There’s been lots of action on the Facebook front over the past few weeks. Most recent of course is the company’s quarterly earnings. The big story there is the continued march of mobile, now up to 59 percent of its ad revenues (see our recent mobile forecast).
Where things get more interesting is Facebook’s plans to continue growing mobile revs. Percentage growth naturally slows as revenues grow linearly from a small base to a larger one, as it goes with revenue growth (just ask Google). So the mobile strategy coming out of Menlo Park will be crucial.
It’s likewise important not to misinterpret what is going on at Facebook, as the company’s trajectory in mobile will provide valuable learnings for anyone else tackling mobile advertising (as we discussed on a recent analyst roundtable). Lots of tech reporting has missed the point though.
Someone Else’s Backyard
Attention has focused on two events: The Nearby Friends feature, and a Facebook “off-site” ad network, rumored to be announced at the upcoming f8 conference. These are each interesting in their own right, but there’s been too much link-bait fueled speculation to connect them.
Stepping back, Facebook’s mobile advertising happens on a few levels. They have native news feed ads within their flagship app, and a prospective ad network that would be off-site. The latter would use all of its data on users and target ads accordingly, but within third party apps.
Facebook had a pilot program for that already and then folded it to focus energy on its own native mobile ad efforts (people often forget this). Now the rumor is that they’ll relaunch some version of this off-site network. This makes sense and my prediction is that it will be mostly app install ads.
Facebook certainly has lots of good data for retargeting users within other apps. This would require tracking/identifying users, which can happen within its existing network of apps that use Facebook Connect. Authentication at the OS level — like Twitter’s deal with iOS — is even better.
But ultimately the beauty of an off-site network is to use all of this data and positioning to continue milking demand for mobile ads, without killing the cow. Instead of over-monetizing its own core user experience, it can do so in someone else’s back yard (albeit with a publisher rev share).
For the ad strategy itself, FB will have to translate its success with mobile news feed ads to other apps (this is where the punditry has fallen apart). In Facebook’s feed based interface, native ads work great. But most other apps don’t have the same scrolling real estate / inventory to work with.
So will it be traditional banners instead? That’s not a lot to get excited about, although there’s admittedly value in Facebook’s targeting capabilities alone. That will involve behavioral targeting, and potentially location targeting. But not the way generalist tech media would have you believe (yet).
All About Local… Kind of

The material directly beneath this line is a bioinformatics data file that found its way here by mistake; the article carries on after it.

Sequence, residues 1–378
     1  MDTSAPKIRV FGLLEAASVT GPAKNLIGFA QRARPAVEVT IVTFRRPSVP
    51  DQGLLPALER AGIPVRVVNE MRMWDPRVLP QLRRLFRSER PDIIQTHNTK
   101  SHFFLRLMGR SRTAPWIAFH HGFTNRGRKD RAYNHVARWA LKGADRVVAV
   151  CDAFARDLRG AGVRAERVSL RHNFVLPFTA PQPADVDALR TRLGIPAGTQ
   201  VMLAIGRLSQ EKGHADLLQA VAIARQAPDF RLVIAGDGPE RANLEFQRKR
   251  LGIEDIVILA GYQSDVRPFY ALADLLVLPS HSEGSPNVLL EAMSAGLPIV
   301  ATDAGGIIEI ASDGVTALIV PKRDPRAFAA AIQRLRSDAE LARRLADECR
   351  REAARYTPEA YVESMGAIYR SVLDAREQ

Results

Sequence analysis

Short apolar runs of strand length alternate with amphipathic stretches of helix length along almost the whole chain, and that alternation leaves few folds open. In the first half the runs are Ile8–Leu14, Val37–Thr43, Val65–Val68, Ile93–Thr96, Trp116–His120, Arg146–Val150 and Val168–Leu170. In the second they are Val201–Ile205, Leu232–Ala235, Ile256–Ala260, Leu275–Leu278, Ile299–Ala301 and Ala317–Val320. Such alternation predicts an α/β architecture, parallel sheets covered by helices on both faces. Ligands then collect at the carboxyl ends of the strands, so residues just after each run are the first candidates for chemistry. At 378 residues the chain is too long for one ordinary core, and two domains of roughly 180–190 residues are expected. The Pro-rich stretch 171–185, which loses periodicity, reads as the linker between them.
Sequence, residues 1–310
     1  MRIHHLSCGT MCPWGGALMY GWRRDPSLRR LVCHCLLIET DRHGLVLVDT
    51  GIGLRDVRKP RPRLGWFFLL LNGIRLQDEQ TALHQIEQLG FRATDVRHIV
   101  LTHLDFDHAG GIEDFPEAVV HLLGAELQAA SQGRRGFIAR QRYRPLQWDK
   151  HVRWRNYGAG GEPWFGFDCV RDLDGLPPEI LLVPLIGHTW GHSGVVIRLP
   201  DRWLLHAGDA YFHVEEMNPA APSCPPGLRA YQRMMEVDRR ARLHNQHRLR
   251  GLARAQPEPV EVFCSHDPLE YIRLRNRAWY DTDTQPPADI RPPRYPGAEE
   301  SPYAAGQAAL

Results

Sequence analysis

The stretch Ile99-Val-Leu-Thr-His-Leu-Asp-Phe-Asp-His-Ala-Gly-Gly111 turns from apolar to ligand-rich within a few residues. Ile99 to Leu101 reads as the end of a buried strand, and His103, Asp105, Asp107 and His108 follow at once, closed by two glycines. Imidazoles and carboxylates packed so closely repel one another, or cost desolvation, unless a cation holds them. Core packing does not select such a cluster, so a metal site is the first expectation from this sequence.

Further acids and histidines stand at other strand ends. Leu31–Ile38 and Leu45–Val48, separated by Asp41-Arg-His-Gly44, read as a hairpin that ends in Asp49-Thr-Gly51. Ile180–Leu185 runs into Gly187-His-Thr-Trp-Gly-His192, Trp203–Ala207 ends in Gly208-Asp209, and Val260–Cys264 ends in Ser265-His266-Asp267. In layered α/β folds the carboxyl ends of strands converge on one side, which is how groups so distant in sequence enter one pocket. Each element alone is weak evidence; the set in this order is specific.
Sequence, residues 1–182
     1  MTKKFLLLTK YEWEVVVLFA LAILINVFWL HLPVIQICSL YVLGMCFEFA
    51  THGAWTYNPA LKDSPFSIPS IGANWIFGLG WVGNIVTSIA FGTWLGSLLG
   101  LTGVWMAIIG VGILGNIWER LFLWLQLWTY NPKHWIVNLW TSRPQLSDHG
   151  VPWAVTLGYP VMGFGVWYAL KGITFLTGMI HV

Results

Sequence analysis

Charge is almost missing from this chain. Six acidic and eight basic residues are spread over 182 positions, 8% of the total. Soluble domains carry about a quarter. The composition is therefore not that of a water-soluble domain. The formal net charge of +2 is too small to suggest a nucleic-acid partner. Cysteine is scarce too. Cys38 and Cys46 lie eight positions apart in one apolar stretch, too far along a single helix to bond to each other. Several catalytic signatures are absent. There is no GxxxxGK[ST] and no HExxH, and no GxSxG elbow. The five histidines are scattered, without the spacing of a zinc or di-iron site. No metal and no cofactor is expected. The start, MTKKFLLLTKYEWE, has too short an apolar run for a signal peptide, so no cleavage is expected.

That’s where the Nearby Friend’s feature comes into the media blitz. In the wake of its launch, it was discovered that Facebook is thinking about using the location tracking (core to the friend finder feature) to target ads in the future. Interesting but not likely tied to the prospective ad network.
Rather, any location targeted ads resulting from this will be applied to mobile news feed ads on Facebook proper. It could apply to a prospective ad network in the future but Facebook is very careful about rolling these things out — especially anything resembling a privacy minefield.
As for any location targeting they do for their own native news feed ads — if this does indeed roll out in the near term — it could have some benefits in adding location relevance to mobile ads. But there are also some challenges that most coverage so far has ignored.
1. News feed ads are more brand based at these early stages. The calls to action in those ads have been more about branding or downloading an app and other things that have less to do with location relevance or offline transactions. App install ads are in fact a huge chunk of Facebook mobile ad revenues and they don’t have a location targeting imperative. This could change over time but that’s what we’re dealing with now.
2. Most advertisers that have adopted Facebook’s mobile ad options are large brand advertisers as opposed to SMBs (as is the case with any new emerging media or ad product). Per the point above, they are more interested in reach and branding. Location targeting is great ad boosting relevance and ad performance, but it greatly impedes reach by segmenting audiences into tiny geographic pockets. And for many brand advertisers and agencies, campaign reach is a top objective.
3. For SMBs by comparison, there is obviously less emphasis on reach and more on targeting users that are nearby a store location. However SMBs are very hard to reach from an ad sales perspective. Everyone seems to ignore that fact when news like this comes out. Relatively few SMBs self serve and the rest require capital intensive sales resources to reach in the high-touch fashion that’s required. They often need their hands held. (See lots of rich SMB sentiment data in our LCM data).
The other potential route is to partner with a sales channel such as local traditional media companies who can re-sell Facebook ads to SMBs. That’s of course what Google has done (in different fashion) with third parties like local newspaper or yellow pages sales teams or pure plays like Reach Local.
There’s lots of good debate around this channel strategy. Screenwerk recently spotlighted a bearish attitude towards sales channels from Facebook local head Dan Levy. What it will do instead is unclear (go it alone potentially), but this will be a vital factor in Facebook’s ability to unlock local.
We’ll cover this topic closely at our Leading in Local Conference in Atlanta, now just 10 days away. Email me for a discount code to register (mbolandATbiakelsey.com)